0
\$\begingroup\$

I have seen in most of the block diagrams of SMPS of isolated topologies, that the input AC voltage is first rectified and filtered to DC voltage. Then, it is passed through a high frequency switch to form a square pulse, which is then stepped up/down using a transformer, after which, it is again rectified and filtered, before giving it to the output. Also, a feedback is taken from the output, which is given to the controller, which gives the PWM to the high frequency switch.

My question is that, why are we rectifying the AC input in the beginning and then again inverting it to form a square pulse, before it is passed onto the transformer. Can we directly give the input from the AC mains to the transformer, and then rectify it.

\$\endgroup\$
2
  • \$\begingroup\$ The low mains frequency requires large, costly transformers. The main benefit of SMPS is that their high switching frequency allows for a very small transformer. \$\endgroup\$ – Unimportant Jan 31 '19 at 5:28
  • \$\begingroup\$ Actually in the name ac-dc, the real ac-to-dc conversion is made by the diode bridge and the filtering capacitor called the bulk capacitor. The downstream converter operating in a switching manner is a high-voltage dc-dc. You need to rectify the mains because its polarity changes along the 20-ms or 16.6-ms period. The high dc voltage then feeds the converter which requires a galvanic isolation before supplying the load, a PC for instance. This is the role of the transformer which does require high-frequency operation if you want a small size. \$\endgroup\$ – Verbal Kint Jan 31 '19 at 6:36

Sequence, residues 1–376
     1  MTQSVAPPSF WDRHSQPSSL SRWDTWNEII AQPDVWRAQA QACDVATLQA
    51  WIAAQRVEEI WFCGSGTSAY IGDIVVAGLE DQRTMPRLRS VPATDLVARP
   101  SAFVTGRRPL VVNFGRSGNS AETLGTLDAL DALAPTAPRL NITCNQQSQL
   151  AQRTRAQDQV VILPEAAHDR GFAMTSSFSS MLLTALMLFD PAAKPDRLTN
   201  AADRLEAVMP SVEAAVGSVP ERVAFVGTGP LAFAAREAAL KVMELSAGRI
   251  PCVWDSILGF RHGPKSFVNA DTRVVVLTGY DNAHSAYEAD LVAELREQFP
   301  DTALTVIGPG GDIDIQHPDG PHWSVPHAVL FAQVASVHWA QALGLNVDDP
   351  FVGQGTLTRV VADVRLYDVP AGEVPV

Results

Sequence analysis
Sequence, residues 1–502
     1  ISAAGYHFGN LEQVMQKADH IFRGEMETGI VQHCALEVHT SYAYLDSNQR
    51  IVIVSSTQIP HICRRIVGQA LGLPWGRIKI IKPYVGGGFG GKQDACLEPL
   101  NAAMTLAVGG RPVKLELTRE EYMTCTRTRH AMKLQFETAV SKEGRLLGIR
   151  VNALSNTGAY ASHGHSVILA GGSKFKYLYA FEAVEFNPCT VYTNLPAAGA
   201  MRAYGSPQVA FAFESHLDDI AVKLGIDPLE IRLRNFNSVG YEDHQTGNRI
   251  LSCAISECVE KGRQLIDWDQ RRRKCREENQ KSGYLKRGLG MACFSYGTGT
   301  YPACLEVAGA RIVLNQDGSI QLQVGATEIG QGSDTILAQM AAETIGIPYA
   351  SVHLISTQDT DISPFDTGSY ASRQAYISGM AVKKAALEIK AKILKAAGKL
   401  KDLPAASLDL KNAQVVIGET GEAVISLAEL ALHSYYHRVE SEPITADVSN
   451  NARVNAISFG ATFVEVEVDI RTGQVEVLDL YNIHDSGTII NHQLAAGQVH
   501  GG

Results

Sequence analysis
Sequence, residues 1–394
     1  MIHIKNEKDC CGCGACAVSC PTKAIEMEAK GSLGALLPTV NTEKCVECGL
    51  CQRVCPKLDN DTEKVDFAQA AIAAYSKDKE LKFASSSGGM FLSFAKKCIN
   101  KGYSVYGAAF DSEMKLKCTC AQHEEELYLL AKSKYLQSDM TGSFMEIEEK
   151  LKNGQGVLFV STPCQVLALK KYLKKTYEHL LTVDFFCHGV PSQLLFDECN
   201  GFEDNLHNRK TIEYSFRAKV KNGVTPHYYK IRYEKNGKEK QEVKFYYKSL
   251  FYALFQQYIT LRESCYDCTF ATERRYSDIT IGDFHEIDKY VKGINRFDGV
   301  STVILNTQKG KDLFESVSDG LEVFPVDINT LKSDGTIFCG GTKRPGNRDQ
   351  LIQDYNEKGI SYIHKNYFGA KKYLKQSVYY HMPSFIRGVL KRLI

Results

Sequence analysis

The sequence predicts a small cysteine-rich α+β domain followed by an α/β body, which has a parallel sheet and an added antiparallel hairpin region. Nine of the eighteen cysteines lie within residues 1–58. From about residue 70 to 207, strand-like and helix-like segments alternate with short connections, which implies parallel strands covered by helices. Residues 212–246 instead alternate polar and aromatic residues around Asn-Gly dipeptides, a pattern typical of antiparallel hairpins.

1
\$\begingroup\$

You got part of the answer in the comments: because mains frequency is lower than the operating frequency of the power supply. Up to a point, the higher the frequency, the smaller the magnetics can be. Typical mains frequencies are well below that point.

The other part of the answer is that the square pulse that is generated has a controlled duty cycle, so that the output voltage of the supply can be regulated.

It is possible to use a transformer at the mains frequency and rectify the output -- this is how the job was done just about everywhere until the 1970's, still in a lot of places until the end of the 20th century, and is still found in a few places now (ca 2019).

\$\endgroup\$

Your Answer

By clicking “Post Your Answer”, you agree to our terms of service, privacy policy and cookie policy

Not the answer you're looking for? Browse other questions tagged or ask your own question.